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Sharpen Critical Thinking Skills

Ask students the right types of questions throughout the year to boost test performance. 

By Margie Markarian
  • Grades: 6–8, 9–12

Bloom's Taxonomy identifies six levels of cognitive thinking. At the basic level, there's knowledge and comprehension. At the higher level, there's evaluation, synthesis, analysis, and application. Since critical thinking happens at the higher level, is a key component of standardized tests, and an important life skill, challenge students with critical thinking questions during class discussions and on chapter and unit tests throughout the year. The following word list will help you guide question development:   

 

Higher Order Thinking Skills:

  • Evaluation: Ask questions that require students to assess, compare, criticize, justify, resolve, conclude.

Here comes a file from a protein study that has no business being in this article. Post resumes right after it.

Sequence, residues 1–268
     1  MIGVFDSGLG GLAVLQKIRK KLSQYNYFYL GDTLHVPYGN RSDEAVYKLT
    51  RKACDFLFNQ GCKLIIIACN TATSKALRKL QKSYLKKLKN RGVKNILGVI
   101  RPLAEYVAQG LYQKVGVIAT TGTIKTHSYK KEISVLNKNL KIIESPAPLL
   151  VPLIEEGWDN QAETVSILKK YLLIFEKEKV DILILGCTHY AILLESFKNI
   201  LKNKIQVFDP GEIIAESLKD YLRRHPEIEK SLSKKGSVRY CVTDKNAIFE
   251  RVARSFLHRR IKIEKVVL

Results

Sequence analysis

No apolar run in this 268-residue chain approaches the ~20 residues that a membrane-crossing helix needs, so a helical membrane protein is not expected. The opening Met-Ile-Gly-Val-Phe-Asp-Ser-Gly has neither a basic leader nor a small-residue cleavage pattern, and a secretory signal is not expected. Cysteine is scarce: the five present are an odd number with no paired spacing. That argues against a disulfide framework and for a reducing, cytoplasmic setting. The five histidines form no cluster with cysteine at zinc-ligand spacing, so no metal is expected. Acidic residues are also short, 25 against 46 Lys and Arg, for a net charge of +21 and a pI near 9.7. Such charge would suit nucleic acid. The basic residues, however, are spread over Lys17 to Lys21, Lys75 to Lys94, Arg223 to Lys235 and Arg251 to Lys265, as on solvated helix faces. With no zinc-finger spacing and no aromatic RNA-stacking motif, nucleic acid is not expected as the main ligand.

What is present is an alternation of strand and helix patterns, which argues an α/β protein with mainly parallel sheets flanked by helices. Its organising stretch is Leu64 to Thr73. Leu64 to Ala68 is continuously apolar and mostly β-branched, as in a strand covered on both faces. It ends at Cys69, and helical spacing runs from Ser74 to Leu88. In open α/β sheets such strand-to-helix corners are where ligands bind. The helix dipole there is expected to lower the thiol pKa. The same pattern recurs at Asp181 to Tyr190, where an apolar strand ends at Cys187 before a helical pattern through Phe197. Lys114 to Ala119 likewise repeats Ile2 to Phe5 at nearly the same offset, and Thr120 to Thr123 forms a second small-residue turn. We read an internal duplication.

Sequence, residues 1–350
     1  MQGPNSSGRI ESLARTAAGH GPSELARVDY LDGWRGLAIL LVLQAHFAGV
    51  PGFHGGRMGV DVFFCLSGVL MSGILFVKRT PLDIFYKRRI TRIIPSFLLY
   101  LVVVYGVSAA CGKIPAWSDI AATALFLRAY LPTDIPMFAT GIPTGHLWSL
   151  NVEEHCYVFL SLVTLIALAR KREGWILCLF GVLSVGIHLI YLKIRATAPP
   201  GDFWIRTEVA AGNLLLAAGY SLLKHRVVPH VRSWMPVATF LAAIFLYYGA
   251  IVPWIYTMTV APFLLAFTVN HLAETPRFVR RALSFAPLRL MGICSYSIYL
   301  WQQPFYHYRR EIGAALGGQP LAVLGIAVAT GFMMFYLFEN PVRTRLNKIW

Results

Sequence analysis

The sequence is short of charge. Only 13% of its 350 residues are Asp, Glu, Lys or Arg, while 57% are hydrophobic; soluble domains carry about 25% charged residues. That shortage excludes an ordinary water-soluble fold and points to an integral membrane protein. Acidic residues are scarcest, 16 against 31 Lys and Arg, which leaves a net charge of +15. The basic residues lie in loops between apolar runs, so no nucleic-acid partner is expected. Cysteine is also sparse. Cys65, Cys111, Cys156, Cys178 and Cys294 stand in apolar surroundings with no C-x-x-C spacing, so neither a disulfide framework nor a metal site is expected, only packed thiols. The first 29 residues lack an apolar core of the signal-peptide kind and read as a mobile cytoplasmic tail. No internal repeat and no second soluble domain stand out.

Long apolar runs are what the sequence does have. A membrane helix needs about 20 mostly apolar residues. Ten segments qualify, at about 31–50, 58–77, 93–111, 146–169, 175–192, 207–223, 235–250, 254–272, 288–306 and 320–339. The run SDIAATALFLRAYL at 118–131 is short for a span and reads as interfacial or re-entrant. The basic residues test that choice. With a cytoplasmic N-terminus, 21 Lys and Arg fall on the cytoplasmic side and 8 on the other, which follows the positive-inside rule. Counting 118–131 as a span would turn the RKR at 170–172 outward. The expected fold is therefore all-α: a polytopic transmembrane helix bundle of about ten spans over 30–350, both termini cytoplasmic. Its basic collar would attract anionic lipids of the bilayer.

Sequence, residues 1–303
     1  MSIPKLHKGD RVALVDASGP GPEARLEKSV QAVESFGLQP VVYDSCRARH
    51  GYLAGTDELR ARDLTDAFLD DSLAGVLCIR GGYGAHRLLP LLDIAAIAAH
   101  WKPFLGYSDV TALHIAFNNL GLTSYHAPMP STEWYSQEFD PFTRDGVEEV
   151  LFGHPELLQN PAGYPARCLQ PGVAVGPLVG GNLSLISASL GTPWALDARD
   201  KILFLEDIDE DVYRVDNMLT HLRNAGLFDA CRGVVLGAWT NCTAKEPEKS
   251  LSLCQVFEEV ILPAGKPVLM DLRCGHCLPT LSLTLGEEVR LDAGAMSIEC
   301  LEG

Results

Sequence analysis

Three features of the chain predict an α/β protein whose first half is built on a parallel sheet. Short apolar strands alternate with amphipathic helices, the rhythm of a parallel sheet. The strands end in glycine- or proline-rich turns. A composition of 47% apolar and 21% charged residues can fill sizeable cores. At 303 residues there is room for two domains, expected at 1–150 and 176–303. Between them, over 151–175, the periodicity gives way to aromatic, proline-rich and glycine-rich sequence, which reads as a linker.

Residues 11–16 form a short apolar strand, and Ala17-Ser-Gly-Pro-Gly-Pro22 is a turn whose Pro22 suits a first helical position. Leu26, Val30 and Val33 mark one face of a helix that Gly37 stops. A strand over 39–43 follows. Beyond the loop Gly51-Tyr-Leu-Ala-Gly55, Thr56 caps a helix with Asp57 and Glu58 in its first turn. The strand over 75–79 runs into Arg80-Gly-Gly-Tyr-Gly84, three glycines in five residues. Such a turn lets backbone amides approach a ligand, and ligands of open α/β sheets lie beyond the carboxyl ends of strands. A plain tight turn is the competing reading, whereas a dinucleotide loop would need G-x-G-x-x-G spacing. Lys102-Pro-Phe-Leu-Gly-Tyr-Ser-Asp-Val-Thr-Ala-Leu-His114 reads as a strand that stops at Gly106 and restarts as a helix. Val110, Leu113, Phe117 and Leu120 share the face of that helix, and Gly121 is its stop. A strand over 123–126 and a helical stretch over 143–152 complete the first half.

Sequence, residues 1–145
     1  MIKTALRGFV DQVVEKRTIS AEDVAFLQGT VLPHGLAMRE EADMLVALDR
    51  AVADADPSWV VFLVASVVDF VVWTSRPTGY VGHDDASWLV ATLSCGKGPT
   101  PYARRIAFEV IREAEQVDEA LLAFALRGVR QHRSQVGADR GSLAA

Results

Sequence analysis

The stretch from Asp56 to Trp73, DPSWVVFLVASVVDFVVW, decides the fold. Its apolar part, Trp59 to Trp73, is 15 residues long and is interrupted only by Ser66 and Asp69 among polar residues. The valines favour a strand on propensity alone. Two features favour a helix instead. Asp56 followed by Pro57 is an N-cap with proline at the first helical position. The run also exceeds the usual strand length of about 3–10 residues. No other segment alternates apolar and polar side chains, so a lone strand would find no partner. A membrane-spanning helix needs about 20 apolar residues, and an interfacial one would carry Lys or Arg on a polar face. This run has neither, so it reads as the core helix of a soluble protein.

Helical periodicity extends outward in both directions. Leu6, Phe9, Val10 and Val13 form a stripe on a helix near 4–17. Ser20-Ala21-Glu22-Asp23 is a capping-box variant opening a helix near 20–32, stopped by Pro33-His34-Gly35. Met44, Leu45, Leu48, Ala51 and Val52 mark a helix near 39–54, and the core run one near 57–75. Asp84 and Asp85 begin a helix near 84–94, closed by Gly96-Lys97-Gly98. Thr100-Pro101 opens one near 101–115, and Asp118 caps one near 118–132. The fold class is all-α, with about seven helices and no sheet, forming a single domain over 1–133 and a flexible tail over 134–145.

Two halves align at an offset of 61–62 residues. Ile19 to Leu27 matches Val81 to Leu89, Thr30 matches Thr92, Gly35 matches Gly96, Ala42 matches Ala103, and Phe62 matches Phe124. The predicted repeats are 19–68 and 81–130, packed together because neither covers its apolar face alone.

• Synthesize: Ask questions that require students to combine, create, invent, plan, formulate, negotiate.
  • Analysis: Ask questions that require students to analyze, connect, infer, compare, contrast, prioritize.
  • Application: Ask questions that require students to apply, classify, solve, demonstrate, experiment, determine.

 

Lower Order Thinking Skills:

  • Comprehension: Ask questions that require students to explain, describe, interpret, discuss, differentiate, restate.
  • Knowledge: Ask questions that require students to define, describe, tell, identify, list, name.

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